Firefighters rescue women from car in Jura

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Vehicle was positioned in a roadside ditch around 10 miles north of Craighouse

SFRS name line on appliance

Firefighters rescued two women from a car after it left the road and entered a ditch on the Isle of Jura.

Scottish Fire and Rescue Service (SFRS) crews were joined at the scene by police officers, a doctor and an air ambulance team following the Monday afternoon incident (18 April).

It happened around 10 miles north of Craighouse shortly before 12:30pm.

The island’s on-call firefighters were immediately scrambled along with those from Bowmore on neighbouring Islay, with the Jura-based crew on-scene seven minutes after being sent by the SFRS Operations Control.

Crew Manager Stephen Walton, the leader of Jura’s fire and rescue unit, said: “The car was almost on its side but it was in a stable position.

“The driver was unhurt but she needed help to get out. The passenger was experiencing pain and reported having previous medical issues.”

He continued: “A doctor arrived very promptly and he checked them both over before handing on to the paramedics when the air ambulance arrived.

“We had an extrication plan in place in case it was needed but after assessing the casualties the paramedics were happy for us to help the driver out and tow the car from the ditch.

“Our firefighters made sure it remained stable as it was brought out and one of the medics stayed inside with the passenger to make sure she was always safe and felt reassured.”

Neither of the women required hospital treatment following the incident.

Many remote and rural communities across Scotland depend on ‘on-call’ firefighters who provide a vital emergency service to the areas where they live and work.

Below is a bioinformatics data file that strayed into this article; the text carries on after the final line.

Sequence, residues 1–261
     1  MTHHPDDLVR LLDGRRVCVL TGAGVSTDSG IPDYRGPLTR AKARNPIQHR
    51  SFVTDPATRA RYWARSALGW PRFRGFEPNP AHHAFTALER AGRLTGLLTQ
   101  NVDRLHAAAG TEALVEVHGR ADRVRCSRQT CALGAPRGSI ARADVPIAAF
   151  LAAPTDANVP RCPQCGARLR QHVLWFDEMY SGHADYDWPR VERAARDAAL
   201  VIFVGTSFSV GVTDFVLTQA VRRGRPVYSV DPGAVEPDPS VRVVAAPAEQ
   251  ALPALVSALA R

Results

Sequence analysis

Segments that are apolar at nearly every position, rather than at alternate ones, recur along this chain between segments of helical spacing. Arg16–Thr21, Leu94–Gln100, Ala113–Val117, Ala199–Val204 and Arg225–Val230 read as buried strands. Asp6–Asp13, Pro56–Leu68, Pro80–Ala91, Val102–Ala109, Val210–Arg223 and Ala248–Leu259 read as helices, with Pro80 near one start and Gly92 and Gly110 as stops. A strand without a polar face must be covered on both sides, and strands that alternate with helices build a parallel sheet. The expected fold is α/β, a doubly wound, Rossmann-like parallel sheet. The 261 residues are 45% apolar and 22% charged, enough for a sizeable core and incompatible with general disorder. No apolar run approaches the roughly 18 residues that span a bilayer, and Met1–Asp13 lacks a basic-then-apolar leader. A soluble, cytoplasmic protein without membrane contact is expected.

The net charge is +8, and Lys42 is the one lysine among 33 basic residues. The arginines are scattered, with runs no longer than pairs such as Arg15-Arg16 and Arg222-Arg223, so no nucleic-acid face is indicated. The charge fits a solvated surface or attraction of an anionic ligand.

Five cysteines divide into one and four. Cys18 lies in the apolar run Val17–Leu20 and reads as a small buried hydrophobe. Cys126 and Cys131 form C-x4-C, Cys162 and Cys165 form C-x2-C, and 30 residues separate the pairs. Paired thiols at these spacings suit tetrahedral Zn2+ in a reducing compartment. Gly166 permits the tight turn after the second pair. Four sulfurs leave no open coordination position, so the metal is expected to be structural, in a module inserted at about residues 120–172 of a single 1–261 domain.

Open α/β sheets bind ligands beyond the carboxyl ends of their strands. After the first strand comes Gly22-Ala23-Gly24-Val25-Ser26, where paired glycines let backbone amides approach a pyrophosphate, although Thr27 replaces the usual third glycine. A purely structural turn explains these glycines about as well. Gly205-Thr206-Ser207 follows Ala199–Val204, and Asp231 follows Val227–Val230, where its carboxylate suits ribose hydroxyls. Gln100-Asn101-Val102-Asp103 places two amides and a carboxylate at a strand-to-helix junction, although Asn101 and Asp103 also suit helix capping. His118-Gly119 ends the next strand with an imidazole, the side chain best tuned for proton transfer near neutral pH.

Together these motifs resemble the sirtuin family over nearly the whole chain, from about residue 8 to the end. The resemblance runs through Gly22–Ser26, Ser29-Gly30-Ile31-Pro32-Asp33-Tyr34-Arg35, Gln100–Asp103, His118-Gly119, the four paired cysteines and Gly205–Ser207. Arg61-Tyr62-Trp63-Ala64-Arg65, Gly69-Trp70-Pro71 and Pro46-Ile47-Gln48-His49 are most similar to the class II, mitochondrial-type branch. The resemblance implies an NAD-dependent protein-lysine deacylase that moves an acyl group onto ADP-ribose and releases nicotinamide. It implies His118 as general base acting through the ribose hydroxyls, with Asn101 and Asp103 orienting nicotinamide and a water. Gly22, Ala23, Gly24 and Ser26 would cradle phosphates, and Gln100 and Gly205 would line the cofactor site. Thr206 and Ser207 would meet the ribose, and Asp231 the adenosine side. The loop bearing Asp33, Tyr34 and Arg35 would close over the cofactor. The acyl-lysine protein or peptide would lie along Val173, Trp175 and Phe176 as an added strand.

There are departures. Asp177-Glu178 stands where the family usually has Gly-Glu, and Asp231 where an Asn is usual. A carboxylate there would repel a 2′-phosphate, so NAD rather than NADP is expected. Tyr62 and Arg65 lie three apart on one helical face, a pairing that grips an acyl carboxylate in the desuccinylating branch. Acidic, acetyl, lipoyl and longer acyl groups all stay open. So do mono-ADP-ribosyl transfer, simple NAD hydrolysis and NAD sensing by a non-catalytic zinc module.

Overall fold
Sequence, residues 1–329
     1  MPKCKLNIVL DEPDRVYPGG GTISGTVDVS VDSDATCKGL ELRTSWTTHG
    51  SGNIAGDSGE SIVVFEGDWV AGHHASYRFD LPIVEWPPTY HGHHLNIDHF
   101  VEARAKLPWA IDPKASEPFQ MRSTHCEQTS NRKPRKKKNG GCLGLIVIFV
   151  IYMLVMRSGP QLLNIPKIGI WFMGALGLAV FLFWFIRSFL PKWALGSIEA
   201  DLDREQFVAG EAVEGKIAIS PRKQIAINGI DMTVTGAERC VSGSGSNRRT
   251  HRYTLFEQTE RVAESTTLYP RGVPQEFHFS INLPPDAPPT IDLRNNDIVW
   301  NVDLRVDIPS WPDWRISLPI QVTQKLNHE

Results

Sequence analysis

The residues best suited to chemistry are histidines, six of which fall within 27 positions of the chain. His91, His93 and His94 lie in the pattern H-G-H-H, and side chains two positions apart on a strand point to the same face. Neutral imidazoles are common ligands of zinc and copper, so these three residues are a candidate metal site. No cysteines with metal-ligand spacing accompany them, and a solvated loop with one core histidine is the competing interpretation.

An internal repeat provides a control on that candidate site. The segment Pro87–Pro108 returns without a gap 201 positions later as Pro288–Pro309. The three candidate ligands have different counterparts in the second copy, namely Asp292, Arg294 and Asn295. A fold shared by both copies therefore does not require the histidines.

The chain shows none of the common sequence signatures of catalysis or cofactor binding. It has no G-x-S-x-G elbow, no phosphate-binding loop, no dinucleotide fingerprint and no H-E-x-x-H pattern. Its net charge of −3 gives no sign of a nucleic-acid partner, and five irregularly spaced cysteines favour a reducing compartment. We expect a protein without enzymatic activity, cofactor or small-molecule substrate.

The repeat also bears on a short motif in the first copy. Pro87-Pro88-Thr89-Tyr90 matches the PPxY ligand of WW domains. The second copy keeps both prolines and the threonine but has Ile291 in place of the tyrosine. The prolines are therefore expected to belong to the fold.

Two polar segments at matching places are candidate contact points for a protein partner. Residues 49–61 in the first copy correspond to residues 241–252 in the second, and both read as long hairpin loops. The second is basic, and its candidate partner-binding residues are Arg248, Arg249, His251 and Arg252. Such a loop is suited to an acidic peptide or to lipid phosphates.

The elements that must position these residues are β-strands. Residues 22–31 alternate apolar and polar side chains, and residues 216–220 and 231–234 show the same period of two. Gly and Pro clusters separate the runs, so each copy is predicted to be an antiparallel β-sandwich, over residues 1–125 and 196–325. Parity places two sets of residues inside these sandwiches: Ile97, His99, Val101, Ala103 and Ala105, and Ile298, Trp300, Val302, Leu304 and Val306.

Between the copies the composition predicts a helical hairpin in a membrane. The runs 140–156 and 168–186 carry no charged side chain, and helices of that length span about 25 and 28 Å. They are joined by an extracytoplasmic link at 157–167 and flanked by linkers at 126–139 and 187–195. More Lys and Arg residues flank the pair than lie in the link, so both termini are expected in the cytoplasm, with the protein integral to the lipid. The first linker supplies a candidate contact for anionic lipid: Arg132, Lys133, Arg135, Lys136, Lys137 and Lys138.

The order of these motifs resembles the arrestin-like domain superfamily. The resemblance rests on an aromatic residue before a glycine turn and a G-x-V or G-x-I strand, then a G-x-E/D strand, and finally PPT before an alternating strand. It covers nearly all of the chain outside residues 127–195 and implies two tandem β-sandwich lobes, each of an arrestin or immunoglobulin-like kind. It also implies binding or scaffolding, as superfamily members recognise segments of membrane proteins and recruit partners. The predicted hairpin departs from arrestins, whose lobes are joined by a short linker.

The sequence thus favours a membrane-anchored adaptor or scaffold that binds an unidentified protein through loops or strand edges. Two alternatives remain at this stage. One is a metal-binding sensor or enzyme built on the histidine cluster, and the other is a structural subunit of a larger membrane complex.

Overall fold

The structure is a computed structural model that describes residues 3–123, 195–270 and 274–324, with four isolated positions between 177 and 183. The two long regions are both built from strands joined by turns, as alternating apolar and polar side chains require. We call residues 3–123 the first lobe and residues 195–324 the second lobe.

Coming from all walks of life but sharing a commitment to saving people from all manner of emergencies, the firefighters serve on the retained duty system or as volunteer units.

Despite being semi-retired from his regular career in the hotel industry, Crew Manager Walton continues his nearly three decades long service as a frontline firefighter.

He said: “You obviously need to be serious about meeting the time and training commitments but it’s very worthwhile.

“Most employers appreciate it’s a vital emergency service that they and the whole community rely on, so they’re very understanding about their employees stepping forward to do the job.”

Firefighters who serve ‘on-call’ undertake regular training to develop and maintain the potentially life-saving skills and abilities needed in SFRS crews.

Further information can be found on the ‘Work with us’ section of the SFRS website: www.firescotland.gov.uk and vacancies are advertised on the myjobscotland website.

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